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A Higher Standard

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"We know that the work for the left now is long and slow and that it requires force and numbers and commitment at a grassroots, community level. We must also recognise that the challenge for the left in 2017 is one of transnational solidarity: figuring out how to join up, link up and learn from global struggles." - Rachel Shabi looks back at a year of many challenges, and what we can do to build solidarity and resistance in 2017.

Of course it wasn’t the worst year, ever. Those bewailing the myriad awfulness of 2016 know history has dealt worse than the year of Brexit and Donald Trump’s election, the year of deadly terror attacks around the world, a desperate refugee crisis and an alarming rise in far-right forces across Europe. Even ignoring swathes of history, recent years have been awful, too: the five since the Arab Uprisings have seen grotesque war in Syria, a deadly assault on Yemen, repression and human rights abuses in Egypt and Bahrain – as well as a harsh crackdown in Turkey, once considered to be a ‘model’ for the region. Egyptian analysts might well say the “worst year ever” was 2013, when a military coup put their authoritarian, Abdel Fatah el-Sisi in charge.



Still, it’s a depressing time, the close of 2016. In Brexit Britain, the referendum vote to leave the EU divided the country while emboldening the far right and the intolerant: racist and homophobic abuse and attacks surged on the streets, along with tabloid-led attacks on the judiciary and the denouncement as “unpatriotic” of those questioning the wisdom – though not the validity – of Brexit. In Trumpian USA, a race-baiting misogynist groper who threatened to “lock up” Hillary Clinton, set up a registry of Muslims, and build a wall along the Mexican border, will be US president. He will bring into the White House a team of people variously espousing or enabling white nationalism, antisemitism, Islamophobia, hostility to immigrants, rejection of workplace rights, climate change denial, opposition to reproductive rights and denial of the Palestinian right to statehood.  And that’s just the highlights.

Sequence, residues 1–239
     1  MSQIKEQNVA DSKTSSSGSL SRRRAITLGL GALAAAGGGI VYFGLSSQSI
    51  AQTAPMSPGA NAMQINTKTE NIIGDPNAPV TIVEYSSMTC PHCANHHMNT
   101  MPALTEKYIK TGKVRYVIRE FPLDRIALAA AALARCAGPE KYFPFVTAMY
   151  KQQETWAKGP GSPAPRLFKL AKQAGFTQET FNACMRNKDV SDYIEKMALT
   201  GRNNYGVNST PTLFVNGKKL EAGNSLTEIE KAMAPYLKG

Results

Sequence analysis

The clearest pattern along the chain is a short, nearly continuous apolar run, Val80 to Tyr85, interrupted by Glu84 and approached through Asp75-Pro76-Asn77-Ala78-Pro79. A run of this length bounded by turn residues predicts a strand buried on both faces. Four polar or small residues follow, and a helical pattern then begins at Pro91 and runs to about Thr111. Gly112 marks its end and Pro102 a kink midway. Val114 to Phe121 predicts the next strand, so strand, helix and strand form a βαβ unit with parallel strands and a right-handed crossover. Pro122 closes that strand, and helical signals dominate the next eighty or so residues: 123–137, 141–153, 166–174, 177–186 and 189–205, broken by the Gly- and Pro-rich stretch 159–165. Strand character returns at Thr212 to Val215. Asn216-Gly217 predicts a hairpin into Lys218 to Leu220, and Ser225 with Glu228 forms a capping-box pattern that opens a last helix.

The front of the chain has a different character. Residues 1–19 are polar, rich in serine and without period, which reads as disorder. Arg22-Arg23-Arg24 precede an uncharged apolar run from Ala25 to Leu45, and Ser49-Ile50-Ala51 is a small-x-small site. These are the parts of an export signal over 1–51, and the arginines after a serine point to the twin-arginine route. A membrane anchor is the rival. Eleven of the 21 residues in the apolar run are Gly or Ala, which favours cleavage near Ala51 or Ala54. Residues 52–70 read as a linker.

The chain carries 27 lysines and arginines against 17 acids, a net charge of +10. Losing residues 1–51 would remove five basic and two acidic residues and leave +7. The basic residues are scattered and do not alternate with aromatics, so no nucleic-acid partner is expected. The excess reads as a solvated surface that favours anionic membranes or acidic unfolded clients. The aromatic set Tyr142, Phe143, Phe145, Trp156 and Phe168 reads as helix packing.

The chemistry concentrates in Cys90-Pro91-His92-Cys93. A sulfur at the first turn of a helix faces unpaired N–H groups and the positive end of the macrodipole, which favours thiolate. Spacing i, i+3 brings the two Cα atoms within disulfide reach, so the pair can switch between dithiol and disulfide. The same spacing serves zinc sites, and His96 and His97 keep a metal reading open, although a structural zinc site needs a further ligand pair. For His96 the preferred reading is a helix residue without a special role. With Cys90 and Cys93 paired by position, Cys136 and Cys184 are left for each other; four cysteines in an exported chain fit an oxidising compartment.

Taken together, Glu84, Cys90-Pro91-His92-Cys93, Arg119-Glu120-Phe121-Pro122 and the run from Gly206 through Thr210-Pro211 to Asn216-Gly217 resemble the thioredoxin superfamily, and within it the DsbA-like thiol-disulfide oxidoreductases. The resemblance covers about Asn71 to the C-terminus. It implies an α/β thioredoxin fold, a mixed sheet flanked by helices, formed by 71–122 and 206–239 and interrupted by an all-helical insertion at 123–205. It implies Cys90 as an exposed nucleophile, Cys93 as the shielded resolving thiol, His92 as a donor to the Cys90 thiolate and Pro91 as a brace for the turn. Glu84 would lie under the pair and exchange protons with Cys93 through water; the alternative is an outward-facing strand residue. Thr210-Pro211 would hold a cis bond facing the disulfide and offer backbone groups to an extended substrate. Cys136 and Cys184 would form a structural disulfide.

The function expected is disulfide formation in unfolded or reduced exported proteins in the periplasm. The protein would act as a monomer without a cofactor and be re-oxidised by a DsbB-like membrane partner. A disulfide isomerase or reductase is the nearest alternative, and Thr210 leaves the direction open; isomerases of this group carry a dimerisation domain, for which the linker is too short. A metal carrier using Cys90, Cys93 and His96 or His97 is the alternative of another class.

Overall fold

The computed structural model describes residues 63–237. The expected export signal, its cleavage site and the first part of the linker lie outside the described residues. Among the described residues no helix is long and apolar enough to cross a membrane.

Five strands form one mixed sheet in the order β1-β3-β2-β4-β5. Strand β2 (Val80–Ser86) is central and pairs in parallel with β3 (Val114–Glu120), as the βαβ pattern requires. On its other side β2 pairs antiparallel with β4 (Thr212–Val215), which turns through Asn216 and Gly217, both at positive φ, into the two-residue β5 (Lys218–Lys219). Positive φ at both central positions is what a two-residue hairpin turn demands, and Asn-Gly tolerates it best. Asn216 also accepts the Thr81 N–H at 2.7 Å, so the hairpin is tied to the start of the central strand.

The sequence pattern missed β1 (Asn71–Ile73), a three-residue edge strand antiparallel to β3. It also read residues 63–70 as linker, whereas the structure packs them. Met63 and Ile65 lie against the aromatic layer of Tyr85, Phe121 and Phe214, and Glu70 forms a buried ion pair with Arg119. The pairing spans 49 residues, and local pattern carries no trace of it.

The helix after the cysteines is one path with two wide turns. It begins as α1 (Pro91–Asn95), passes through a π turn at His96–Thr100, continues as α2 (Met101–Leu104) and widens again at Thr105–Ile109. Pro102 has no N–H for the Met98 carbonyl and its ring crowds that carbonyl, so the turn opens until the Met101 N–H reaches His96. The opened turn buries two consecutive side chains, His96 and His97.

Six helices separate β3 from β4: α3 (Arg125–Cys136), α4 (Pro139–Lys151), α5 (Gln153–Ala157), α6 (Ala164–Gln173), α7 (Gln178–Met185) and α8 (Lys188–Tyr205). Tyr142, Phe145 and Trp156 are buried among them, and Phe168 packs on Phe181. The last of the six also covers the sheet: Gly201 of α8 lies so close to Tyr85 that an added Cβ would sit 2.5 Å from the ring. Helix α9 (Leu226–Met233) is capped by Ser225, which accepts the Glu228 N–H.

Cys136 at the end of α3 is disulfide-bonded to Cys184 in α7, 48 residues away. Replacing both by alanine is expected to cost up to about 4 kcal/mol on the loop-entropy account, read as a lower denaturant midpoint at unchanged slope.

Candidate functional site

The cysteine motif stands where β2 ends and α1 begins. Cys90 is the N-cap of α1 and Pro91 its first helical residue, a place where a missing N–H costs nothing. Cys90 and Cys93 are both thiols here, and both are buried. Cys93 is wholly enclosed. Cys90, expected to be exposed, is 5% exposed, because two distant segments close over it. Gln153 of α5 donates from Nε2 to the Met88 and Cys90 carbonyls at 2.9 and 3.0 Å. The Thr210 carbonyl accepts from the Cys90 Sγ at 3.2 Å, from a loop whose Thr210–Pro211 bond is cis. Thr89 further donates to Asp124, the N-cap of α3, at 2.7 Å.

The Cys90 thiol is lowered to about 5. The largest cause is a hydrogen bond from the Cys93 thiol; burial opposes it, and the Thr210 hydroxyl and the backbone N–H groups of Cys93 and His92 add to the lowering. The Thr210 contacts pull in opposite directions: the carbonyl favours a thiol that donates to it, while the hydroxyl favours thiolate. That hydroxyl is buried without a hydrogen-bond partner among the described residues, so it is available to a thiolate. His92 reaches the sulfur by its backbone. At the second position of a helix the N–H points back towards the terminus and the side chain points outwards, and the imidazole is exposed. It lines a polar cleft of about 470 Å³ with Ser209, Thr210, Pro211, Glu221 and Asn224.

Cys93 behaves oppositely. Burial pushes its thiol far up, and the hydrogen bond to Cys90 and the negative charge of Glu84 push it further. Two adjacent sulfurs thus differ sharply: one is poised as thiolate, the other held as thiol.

We like to look for patterns in global news – in itself an inadvisable pursuit. Still, in 2016 it’s easy to see a world in thrall to authoritarianism, a time of strongmen in power mutually admiring and learning from each other: Turkey is tilting towards Russia, which approves far-right movements across Europe, which in turn express admiration for Putin, as does US president-elect Donald Trump. Turkish president Recep Taypp Erdoğan has accelerated a clampdown on the press following a failed military coup over the summer – and also purged thousands of judges, police officers, teachers and government officials. He has consolidated his own power while quashing dissent, much like Russia’s Vladimir Putin, who has stifled the press and civil society while pursuing an aggressive foreign policy. Both men trade on a nationalistic revival while fuelling a fear of terrorism, internal or external enemies. These are the animating forces across Europe and America too. It seems that everywhere we turn, we see a resurgent nativist nationalism hostile to outsiders and dissenters. 

 
There is a geopolitical context to the vulnerability of Western liberal democracy, which supported compliant despots across the Middle East, brought or backed chaotic wars, seemed incapable of tackling terrorism or a spiralling refugee crisis, but at the same time carried out extraordinary renditions and drone strikes. Maybe now, part of the pull of authoritarianism lies in the inconsistencies of Western “liberalism” internationally. After all, if liberal democracies have been comfortable about their own violations, while allying with some of the most repressive regimes in the world, doesn’t this blur the lines? Doesn’t this make it harder to hold liberalism as a higher standard?

Meanwhile, in economic terms, the ascendant populist right ruthlessly exploits and manipulates the fact that the ideal of a cohesive society moving forwards, together, hasn’t been working for some time. A neoliberal economic consensus spanning the political spectrum on both sides of the Atlantic has consigned most, instead, to moving ever-backwards but at different speeds or, at best, working harder and longer to stand in the same spot. The disparity exaggerated by the economic crash, the enormous wealth gaps, the elite few profiting in the midst of a ravaging recession – this is what the populist right has so effectively harnessed.

It has taken some of the left’s core beliefs, wrapped them up in bigotry and sold them more convincingly. Hasn’t the radical left been talking for years about the perils of an unfettered free market, of rampant, greedy “casino” capitalism, of the ravaging and hollowing out of communities in the service of the market? Hasn’t the radical left repeatedly insisted that “trickle-down” economics was a lie – a smokescreen that allowed money to trickle upwards and to the few?

So now here we are: a populist right tide feasting on voters who are witness to vast inequalities, stuck in a stagnant, punishing economy and abandoned by decades of neoliberal economic consensus. While the left in the UK and the US is still reeling, the far right across Europe is rubbing its hands at the prospect of electoral gain. And meanwhile, liberals play catch-up with leftist analysis of capitalism as crisis – as Pankaj Mishra put it in the Guardian, “Many other mainstream periodicals now read like parodies of New Left Review, as they attend belatedly to the failings of global capitalism – most egregiously, its failure to fulfil its own promise of general prosperity.”